A long-running legal battle between the Los Angeles times and one of its sports writers concluded recently when a jury in Los Angeles was awarded more than $15 million in damages for age discrimination and disability discrimination. The claim was first filed six years ago, according to The Washington Post.
Plaintiff, a sports reporter for the Times, suffered a small stroke while covering a spring training in Arizona. He was also later diagnosed with chronic migraines. After this, the newspaper slashed his three-times-a-week column down to two. The reasoning given by the newspaper was that the columns were not well-written and resulted in a poor reflection on the newspaper. The columns he did produce were subsequently more heavily scrutinized than ever.
A few months later, he was suspended, demoted to reporter and resigned – all over a video surfaced that the Times asserted showed a conflict of interest. Plaintiff argued he never had a business relationship with the producer. Plaintiff then went to work for a competitor newspaper before filing his lawsuit, alleging he’d been the victim of workplace age discrimination and disability discrimination.
Second Trial More Than Doubles Age Discrimination Damage Award
Now 69, plaintiff is retired. This was the second trial. In the first, jurors awarded him $7.1 million in damages. Both sides appealed – plaintiff because it was less than the $12 million for which he’d asked. The trial court voided the judgement, but an appellate court reinstated the verdict, but remanded the damages portion for retrial. This time, jurors more than doubled the damage award to $15.1 million. An age discrimination lawyer noted when all is said and done, the newspaper may owe the plaintiff some $22 million in interest and attorney’s fees. The newspaper is reportedly considering an appeal, saying the damage award was unreasonable.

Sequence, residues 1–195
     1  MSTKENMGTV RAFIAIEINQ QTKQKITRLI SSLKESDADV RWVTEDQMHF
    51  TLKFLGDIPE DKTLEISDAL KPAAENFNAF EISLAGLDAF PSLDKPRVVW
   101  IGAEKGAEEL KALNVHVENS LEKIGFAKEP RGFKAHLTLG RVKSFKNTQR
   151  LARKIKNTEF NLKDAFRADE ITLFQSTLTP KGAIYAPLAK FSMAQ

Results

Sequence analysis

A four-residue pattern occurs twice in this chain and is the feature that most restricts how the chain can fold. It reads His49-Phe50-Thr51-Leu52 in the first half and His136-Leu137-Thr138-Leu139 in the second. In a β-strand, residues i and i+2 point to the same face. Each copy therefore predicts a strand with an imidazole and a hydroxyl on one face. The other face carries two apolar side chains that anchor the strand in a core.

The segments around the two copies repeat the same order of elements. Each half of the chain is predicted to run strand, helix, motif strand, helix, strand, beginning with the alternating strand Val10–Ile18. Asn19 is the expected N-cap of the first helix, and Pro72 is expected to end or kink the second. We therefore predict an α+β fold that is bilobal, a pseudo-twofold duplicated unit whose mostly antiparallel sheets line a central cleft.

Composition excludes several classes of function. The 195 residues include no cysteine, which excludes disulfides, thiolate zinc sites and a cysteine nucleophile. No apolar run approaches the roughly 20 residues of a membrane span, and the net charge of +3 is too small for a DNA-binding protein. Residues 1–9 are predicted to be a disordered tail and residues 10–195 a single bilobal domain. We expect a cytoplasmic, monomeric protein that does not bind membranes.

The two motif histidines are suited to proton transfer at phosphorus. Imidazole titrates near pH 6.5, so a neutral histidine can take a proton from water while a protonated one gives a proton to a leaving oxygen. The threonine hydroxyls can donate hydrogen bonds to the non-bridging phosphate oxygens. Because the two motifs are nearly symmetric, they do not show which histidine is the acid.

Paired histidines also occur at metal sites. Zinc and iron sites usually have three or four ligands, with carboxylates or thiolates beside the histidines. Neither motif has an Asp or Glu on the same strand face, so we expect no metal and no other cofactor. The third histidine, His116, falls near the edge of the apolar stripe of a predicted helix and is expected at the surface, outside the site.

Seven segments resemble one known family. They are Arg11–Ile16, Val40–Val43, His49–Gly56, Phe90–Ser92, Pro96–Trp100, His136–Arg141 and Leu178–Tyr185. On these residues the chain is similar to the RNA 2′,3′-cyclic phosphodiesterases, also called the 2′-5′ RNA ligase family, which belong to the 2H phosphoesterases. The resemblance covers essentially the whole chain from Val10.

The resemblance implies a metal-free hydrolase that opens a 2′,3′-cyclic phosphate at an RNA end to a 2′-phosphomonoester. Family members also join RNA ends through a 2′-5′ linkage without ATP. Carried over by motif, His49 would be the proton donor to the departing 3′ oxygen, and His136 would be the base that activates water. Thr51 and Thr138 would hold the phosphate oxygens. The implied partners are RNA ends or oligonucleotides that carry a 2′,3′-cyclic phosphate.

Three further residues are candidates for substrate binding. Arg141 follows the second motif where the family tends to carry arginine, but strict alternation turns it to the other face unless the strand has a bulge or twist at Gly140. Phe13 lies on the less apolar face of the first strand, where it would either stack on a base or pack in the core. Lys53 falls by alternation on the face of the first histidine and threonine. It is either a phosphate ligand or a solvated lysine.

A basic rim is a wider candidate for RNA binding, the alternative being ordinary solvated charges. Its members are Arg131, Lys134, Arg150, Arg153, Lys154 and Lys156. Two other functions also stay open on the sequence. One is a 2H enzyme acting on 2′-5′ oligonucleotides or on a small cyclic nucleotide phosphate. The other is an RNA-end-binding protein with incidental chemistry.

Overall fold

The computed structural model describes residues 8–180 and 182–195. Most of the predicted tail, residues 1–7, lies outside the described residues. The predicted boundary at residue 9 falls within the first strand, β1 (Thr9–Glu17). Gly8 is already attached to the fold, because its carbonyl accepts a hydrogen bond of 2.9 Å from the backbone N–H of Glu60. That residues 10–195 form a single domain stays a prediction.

Plaintiff earned nearly $235,000 annually by the time he resigned the newspaper, at which he’d worked for nearly 25 years. He’d been a sports columnist for more than 10 years.
Age Discrimination Lawsuits in Los Angeles
Age discrimination is when a job applicant or employee over 40 is treated less favorably because of their age. California employers are barred from discriminating against someone on the basis of older age.
However, as our Los Angeles age discrimination attorneys know, common as these cases are, they can be tough to prove. Some examples include:
- Declining to hire workers who are older, even if they are equally or more qualified than younger candidates.
- Passing over older workers for promotions or job perks because of their age.
- Terminating an employee because of their age.
- Workplace harassment of workers that is frequent, severe and based on the worker’s age.
California workers are shielded from age discrimination claims primarily by two laws: The U.S. Age Discrimination in Employment Act (ADEA) and the California Fair Employment and Housing Act (FEHA). Both provisions apply to companies and workers in California, but their scope of protections varies. ADEA, for example, is only applicable to companies with at least 20 employees. FEHA applies to companies that employ five or more workers.
The intent of both laws is basically the same, but employers are generally held to the most stringent standard of the two. FEHA tends to be more protective of workers than the federal law when it comes to protecting older workers.
If you believe you have been discriminated against at work due to being older, we can help examine your claim to determine if you’ve got a case.
Contact the employment attorneys at Nassiri Law Group, practicing in Orange County, Riverside and Los Angeles. Call 714-937-2020.
Former L.A. Times columnist T.J. Simers awarded nearly $15.5 million in bias lawsuit, Aug. 19, 2019, MarketWatch